But how do we do it? What is a good use of time? How can time be managed so that it contributes to well-being? How can the experience of time pressure be avoided so that time is no longer perceived as an enemy? How can we regain a feeling of control over our time? How can we find a balance between work and leisure and satisfaction in both?

In this article, we will consider two aspects of research on psychology of time – time perspective and time use, and some techniques related to achieving mastery over time. These issues can greatly contribute to answering the positive psychology central question of ‘What is a good life?’.

Time Perspective

Your time perspective is the kind of glasses you habitually put on when you look at the world around and at yourself in it. These glasses have three main types of lenses: past, present and future. Are you a here-and-now person? Do you sometimes think that you are stuck in the past? Choosing between work and play, do you usually go for work because your future depends on it?

Time Perspective (TP) relates to whether we focus on our past, present or future when we make decisions and take actions.

It is a powerful influence on many aspects of our behaviour, including educational achievement, health, sleep, romantic partner choices and more. Although TP may be affected by situational forces, such as inflation, going on holidays or being under stress, it can become a relatively stable personality characteristic. So usually people tend to have one dominant temporal perspective.

There are five main subtypes of time perspective:

  1. future,
  2. past-negative,
  3. past-positive,
  4. present-hedonistic and
  5. present-fatalistic.

The person who is predominantly Future-oriented is concerned with working for future goals and rewards, often at the expense of present enjoyment, delaying gratification, and avoiding time-wasting temptations. People with future TP are more likely to floss their teeth, eat healthy foods, and get medical check-ups on time. They also tend to be more successful than others. The third little pig who built his house from bricks, adequately estimating the dangers from the wolf, was surely a future-oriented pig.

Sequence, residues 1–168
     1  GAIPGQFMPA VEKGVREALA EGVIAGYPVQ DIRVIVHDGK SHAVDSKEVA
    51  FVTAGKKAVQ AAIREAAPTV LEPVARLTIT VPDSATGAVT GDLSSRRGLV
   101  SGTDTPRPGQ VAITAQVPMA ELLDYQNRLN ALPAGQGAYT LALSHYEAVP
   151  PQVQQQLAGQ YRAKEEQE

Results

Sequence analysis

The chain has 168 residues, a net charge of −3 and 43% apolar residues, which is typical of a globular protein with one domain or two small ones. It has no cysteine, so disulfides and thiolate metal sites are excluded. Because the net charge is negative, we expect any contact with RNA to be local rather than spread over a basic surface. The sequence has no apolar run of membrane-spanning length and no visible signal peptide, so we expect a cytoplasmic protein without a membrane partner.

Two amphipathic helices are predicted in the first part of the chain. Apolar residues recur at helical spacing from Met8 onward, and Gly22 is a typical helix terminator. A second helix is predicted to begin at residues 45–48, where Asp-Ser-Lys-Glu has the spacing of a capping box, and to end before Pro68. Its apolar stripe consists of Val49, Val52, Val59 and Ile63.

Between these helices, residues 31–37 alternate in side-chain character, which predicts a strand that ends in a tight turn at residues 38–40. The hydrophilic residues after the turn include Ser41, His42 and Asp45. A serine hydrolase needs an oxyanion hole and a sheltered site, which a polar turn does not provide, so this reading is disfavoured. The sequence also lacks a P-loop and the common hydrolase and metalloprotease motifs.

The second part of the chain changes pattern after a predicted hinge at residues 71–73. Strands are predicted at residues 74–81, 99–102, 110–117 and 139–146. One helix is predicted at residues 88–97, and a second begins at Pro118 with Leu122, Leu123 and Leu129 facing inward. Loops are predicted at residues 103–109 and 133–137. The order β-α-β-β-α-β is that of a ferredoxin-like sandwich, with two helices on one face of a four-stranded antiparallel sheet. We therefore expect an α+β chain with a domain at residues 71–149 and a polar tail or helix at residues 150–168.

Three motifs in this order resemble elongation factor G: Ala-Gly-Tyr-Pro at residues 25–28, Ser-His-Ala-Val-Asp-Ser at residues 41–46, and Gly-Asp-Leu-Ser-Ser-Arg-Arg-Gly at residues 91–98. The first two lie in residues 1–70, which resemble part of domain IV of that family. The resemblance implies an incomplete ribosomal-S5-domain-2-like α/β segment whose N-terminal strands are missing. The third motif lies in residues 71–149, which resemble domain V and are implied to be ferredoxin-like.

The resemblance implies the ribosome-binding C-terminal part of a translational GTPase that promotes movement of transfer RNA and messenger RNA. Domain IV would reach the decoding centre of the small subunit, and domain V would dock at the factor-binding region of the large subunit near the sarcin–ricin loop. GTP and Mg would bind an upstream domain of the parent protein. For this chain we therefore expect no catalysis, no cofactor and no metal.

The Present-Hedonistic person lives in the moment, is a pleasure seeker, enjoys high-intensity activities, seeks thrills and new sensations and loves adventures. Children are primarily present-hedonistically oriented. Unfortunately, such behaviour can have negative consequences.

Present-hedonists are at risk of giving in to temptations, leading to virtually all addictions (e.g. alcohol and drug abuse), risky driving, accidents and injuries, and academic and career failure.

The Present-Fatalistic TP, on the other hand, is associated with helplessness, hopelessness and a belief that outside forces control one’s life, e.g. spiritual or governmental forces.

The past TP is associated with focus on family, tradition, continuity of self over time, and a focus on history. This can be either positive or negative. The Past-Positive person has a warm, pleasurable, often sentimental and nostalgic view of one’s past, and values maintaining relationships with family and friends. He/she loves stories about the good old times. The Past-Negative person feels haunted by the past, focusing on personal experiences that were aversive or unpleasant.

Not only people, but also even nations and cultures can have their own time perspective biases. Protestant and individualistic nations tend to be more future-oriented than Catholic and more collectivistic ones. The former are usually better off financially than the latter. People living in southern areas are more present-oriented than those in the north (possibly because they like to spend time enjoying the sunshine).

Time Perspective and the Holy Grail of Well-Being